Other tips include talking to friends who are from or have spent extended periods of time in those countries, and asking them what they think are the biggest differences between your native communication habits and those of that country.
Finally, if you are going to spend an extended period of time in that country, why not take a few language classes? This will help you understand the communication patterns of that country while flexing your mental muscles.
In addition to understanding communication customs, invest some time in learning key phrases in your language. Before you leave, know how to hail a taxi or rickshaw, express any dietary allergies or preferences, and ask for directions.
Bring a journal with you!
The study abroad experts at Students Abroad recommend keeping a blog or journal while you are abroad to help process your feelings. As they write, journaling is “a great way to document and revisit what you are experiencing, helping you learn even more from it.”
Indeed, according to Dr. Jason Powers, journaling “clears out the bad” and “builds up the good.” Bring a journal with you and commit to journaling at specific times to revisit and reframe what you are experiencing in a new place!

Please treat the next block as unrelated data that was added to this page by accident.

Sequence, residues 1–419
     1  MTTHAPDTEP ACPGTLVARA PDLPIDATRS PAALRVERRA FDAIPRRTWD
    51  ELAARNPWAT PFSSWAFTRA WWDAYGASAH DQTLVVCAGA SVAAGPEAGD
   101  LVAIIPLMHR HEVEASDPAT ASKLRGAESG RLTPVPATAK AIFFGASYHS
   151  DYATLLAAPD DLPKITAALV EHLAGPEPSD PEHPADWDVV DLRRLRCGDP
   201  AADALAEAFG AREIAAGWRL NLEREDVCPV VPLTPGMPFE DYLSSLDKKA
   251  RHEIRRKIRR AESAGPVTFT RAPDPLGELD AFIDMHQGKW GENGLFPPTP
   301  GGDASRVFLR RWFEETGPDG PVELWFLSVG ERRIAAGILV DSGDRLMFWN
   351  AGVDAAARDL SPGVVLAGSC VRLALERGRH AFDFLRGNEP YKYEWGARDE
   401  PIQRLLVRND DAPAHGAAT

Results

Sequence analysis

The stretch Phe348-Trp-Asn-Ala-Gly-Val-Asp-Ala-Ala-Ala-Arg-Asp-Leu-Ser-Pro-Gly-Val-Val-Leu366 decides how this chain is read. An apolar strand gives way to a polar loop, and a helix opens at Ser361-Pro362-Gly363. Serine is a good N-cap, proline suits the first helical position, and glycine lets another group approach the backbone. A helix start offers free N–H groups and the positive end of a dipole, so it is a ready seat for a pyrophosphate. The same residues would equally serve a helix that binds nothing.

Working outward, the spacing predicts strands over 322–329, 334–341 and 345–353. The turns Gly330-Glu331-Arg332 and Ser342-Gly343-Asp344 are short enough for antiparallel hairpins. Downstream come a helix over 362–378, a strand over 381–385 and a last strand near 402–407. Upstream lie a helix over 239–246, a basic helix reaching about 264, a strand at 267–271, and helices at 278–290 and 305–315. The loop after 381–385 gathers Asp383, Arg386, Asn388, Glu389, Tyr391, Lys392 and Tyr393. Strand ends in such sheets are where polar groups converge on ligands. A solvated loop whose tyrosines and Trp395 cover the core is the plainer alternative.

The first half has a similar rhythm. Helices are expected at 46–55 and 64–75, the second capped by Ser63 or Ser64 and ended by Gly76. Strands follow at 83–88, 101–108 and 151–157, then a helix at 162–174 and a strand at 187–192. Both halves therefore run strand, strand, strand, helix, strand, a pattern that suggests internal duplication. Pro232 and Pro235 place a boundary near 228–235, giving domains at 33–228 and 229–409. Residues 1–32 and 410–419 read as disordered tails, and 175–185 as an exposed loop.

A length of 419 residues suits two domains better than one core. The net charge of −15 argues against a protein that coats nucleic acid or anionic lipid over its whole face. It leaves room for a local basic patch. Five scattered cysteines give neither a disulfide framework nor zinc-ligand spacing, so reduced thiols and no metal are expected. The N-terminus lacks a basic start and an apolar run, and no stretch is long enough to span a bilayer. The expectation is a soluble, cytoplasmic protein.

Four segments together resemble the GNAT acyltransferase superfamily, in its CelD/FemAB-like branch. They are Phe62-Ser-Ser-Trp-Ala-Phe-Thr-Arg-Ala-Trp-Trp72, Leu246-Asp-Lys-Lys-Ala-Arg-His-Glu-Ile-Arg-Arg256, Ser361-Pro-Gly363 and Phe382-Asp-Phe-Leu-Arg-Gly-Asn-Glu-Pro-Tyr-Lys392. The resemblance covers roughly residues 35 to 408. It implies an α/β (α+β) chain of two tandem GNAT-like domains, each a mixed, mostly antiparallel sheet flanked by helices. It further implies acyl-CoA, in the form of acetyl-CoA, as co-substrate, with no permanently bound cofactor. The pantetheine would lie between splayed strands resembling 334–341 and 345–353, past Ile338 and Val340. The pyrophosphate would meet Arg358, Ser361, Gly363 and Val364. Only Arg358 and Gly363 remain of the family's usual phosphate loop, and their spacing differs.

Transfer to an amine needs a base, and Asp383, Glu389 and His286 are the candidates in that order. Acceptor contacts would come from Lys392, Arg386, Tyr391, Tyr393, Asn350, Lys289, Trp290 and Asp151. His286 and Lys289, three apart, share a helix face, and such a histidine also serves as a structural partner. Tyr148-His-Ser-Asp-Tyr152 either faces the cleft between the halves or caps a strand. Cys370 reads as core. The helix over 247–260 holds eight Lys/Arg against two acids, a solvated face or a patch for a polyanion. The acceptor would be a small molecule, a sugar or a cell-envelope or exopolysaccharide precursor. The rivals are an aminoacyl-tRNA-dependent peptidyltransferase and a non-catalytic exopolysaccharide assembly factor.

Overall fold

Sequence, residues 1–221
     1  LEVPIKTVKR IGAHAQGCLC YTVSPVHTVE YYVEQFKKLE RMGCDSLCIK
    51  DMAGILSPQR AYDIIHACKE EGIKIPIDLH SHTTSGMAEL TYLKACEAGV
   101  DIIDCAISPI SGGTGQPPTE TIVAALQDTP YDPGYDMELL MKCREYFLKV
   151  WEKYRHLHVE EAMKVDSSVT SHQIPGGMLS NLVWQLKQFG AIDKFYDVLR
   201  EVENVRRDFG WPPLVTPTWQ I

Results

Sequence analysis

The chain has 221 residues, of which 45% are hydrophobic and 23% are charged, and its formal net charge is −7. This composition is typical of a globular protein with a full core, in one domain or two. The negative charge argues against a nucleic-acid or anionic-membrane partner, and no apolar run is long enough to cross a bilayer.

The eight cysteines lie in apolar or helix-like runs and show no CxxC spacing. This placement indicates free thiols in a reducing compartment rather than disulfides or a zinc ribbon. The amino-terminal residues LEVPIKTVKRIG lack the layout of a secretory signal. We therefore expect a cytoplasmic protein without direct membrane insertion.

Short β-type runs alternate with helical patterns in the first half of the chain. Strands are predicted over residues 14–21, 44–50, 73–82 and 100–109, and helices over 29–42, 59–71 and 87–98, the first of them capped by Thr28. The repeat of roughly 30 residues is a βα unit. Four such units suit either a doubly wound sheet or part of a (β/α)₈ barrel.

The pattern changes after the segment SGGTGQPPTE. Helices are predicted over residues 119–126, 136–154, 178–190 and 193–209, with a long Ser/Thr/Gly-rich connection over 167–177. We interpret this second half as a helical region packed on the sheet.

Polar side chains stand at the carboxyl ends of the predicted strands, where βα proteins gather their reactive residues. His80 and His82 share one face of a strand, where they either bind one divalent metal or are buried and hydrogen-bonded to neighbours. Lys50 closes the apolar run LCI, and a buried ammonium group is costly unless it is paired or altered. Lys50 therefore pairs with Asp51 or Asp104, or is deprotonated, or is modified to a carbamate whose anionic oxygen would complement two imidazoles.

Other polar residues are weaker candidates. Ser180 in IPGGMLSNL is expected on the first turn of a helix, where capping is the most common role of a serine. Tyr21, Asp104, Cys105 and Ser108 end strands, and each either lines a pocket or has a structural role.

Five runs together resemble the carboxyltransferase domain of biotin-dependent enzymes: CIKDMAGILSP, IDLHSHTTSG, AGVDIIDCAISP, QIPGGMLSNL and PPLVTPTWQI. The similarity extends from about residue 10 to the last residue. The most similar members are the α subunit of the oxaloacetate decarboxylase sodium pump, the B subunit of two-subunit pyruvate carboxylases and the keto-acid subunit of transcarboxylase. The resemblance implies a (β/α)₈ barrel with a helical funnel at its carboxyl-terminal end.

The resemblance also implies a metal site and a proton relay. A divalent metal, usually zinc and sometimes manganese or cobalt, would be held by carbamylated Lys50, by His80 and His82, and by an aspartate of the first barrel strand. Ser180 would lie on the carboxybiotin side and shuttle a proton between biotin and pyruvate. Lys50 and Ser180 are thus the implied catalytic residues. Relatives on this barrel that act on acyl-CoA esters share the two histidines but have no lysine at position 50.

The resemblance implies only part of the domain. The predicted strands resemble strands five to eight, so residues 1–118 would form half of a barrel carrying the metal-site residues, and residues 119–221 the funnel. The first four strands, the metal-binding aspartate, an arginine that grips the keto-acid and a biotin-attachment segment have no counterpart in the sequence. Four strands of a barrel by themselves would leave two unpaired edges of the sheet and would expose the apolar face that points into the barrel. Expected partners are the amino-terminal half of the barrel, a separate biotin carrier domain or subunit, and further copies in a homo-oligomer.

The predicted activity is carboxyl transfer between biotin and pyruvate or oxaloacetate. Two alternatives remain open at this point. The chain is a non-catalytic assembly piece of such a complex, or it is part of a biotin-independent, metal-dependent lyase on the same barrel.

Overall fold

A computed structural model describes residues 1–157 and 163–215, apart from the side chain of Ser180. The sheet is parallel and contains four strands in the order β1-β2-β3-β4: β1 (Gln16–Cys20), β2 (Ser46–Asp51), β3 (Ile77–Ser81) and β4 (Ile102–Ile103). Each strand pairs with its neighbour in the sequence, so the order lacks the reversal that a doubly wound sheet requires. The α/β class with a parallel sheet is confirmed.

Take Steps To Prevent Dietary Culture Shock
Traveling, although easy on the eyes, is often hard on the stomach. Make sure you take steps to prevent having dietary malfunctions while abroad.
Some easy ways to do this -- depending on where you are headed, avoid drinking the tap water. Instead, rely on bottled water, or the more environmentally friendly option is to invest in chlorine drops or a UV pen, or boil your water. Pro-Tip: Mapping Megan has a handy guide to check if your destination has safe water.
Make sure to use safe water when brushing your teeth, avoid drinks with ice or fresh vegetables which could potentially be washed in water, and close your mouth when showering.
In addition, avoid street foods (particularly fried foods or meats that have been sitting out for a long time).